"It's a hodge-podge across the United States," said Martin Weinstock, chief of dermatology at the Providence VA Medical Center in Rhode Island.

"The tanning industry does have a lot of a money and, apparently, political power," said Weinstock, chairman of the American Cancer Society's skin cancer advisory committee. "Though they don't have much in the way of scientific argument, they do their best to obfuscate."

One example came earlier this year after researchers at England's Leeds Institute of Molecular Medicine wrote a letter to the editor of the International Journal of Cancer in June saying they had found no statistically significant evidence that sunbeds increase melanoma risk in a study. The research wasn't designed to register a small association between the two, only a large one, said co-author Timothy Bishop, chairman of the Leeds Cancer Research UK Centre.

The Tanning Shop, a British chain of 80 salons, responded to the findings by releasing a statement hailing "definitive results from clinical research" that proved "there is no link between sunbed use and melanoma."

The Leeds researchers don't support that interpretation of their findings, said Bishop, adding that he was "extremely disappointed" with the way the study had been portrayed.

Conflicting reports mean "there's still the perception out there that it's safer" to tan in a salon, according to Olsen from the Queensland Institute of Medical Research. "But it's not the case at all."

               

With assistance from Makiko Kitamura in London, Maaike Noordhuis in Amsterdam and Anna Edney in Washington.



 

1
Text Only
Features
  • SUN LIFE fair story 1 072714.jpg More than rides & food

    When the Niagara County Fair opens Wednesday, hundreds of people will enter the county fairgrounds in Lockport for the first of five days of exhibits, shows, rides and food.

    But what not all of the visitors may realize is that much of this summer tradition is the result of months of hard work by 4-H Club members and their leaders and families, all focused on the words of the 4-H motto: “Learn By Doing.”

    July 28, 2014 1 Photo

  • SUN LIFE tattoo 1 072714.jpg COLUMN: Behind the tattoo gun

    Tattoos can be a touchy subject. Of course, people have heard they shouldn’t judge a book by its cover; still, people continue to report being denied jobs and being judged harshly for proudly displaying their ink.

    July 28, 2014 1 Photo

  • sig - Crib Notes 2014 RGB.jpg CRIB NOTES: No matter what, the kids just want to play the game

    At 35 years old, I may be the oldest person ever to record an out in a kids’ T-ball league.

    July 28, 2014 1 Photo

  • sig - critter companions RGB CRITTER COMPANIONS: Visiting the neighbors

    This past week, our lovely neighbors went to the beach for their annual weeklong vacation.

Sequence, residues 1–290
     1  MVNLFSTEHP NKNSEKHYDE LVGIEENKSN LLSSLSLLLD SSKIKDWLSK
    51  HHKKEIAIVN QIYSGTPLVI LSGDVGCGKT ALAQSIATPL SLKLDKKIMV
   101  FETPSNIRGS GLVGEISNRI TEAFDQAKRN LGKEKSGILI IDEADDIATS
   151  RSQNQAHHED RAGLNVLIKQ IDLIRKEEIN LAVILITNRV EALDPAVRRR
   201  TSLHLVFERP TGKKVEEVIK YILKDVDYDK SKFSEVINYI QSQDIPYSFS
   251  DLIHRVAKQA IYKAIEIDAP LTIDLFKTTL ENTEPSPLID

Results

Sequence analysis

July 28, 2014 1 Photo

  • SUN LIFE Open gardens 1 072014.jpg Stop and smell the flowers

    More than 90 private gardens throughout Western New York, and a number of public ones, are open to the public for select hours Thursdays and/or Fridays during July as part of the National Garden Festival’s Open Gardens program, now in its fifth year. The program is separate and distinct from local garden walks, and the gardens range from Gasport to Holland. They’re organized into districts of about five to eight gardens each, including Northtowns West (which includes gardens in Kenmore and the Town of Tonawanda) and Niagara Trail (which includes gardens in Lockport, Gasport and Lewiston).

    July 21, 2014 1 Photo

  • SUN LIFE terrariums 1 072014.jpg For the love of nature

    Sara Johnson lives surrounded by green and growing things. Showing a visitor around her apartment in North Buffalo, she pointed out the plants in every room, the balcony and even in two small greenhouses — houseplants, flowers, vegetables, even carnivorous plants.

    "I try to keep as much growing in the house as I can," she said.

    Another goal of hers is to show others how to do the same — and to that end, Johnson is offering a series of workshops this summer in connection with her business, Sylvatica Terrariums, and Project 308 Gallery in North Tonawanda, teaching people how to bring a piece of the outdoors into their homes in the form of a terrarium or other greenery.

    July 21, 2014 1 Photo

  • SUN LIFE fresh air 1 072014.JPG Getting some fresh air

    As an effort to get children out of the big city and give them a chance to spend part of their summer playing outside, the Fresh Air Fund brings New York City kids to stay with host families for a 10-day trip to a place which is vastly different from their usually surroundings.

    “They will be running outside and playing in the grass and going swimming,” said Cheryl Flick, a fund representative of the Northern Erie and Niagara Counties chapter of the Fresh Air Fund at a picnic for the host families and kids. “They won’t be cooped up inside, they’ll be outside, getting fresh air and being active.”

    July 21, 2014 1 Photo

  • sig - SUN LIFE double trouble 2014.jpg Still waiting for that letter from Hogwarts

    I think it’s true of many parents, that amidst the many challenges and hard work of parenting, we anticipate the day our children grow up just enough ... to like the same things we like, whether it’s as an ongoing phenomenon or a fond childhood memory.

    July 21, 2014 1 Photo

  • sig - critter companions RGB Calling all the basic locavores!

    Did you know that the suffix “vore” comes from the Latin word “voro,” which means to devour? I probably knew that once, but I should have paid better attention in my Latin class. “Vore” is used to form nouns indicating what kind of a diet an animal has, such as omnivore, carnivore and herbivore.

    July 21, 2014 1 Photo

  • SUN LIFE NT tours 071314.jpg A closer look at NT

    When Explore Buffalo Tours got started about eight months ago, the business concentrated on specialized tours designed to showcase specific aspects of the City of Buffalo’s history, architecture and culture.

    Now the organization is looking to the future and trying out ways to highlight the other unique aspects of the Western New York region. The tours change out each month, but the more popular ones will circulate back in, according to Explore Buffalo Executive Director Brad Hahn. This month it’s test-driving its “North Tonawanda: Lumber City” tour, one of only a few to take place outside the City of Buffalo. (Although a Lockport tour is in the works.)

    July 14, 2014 1 Photo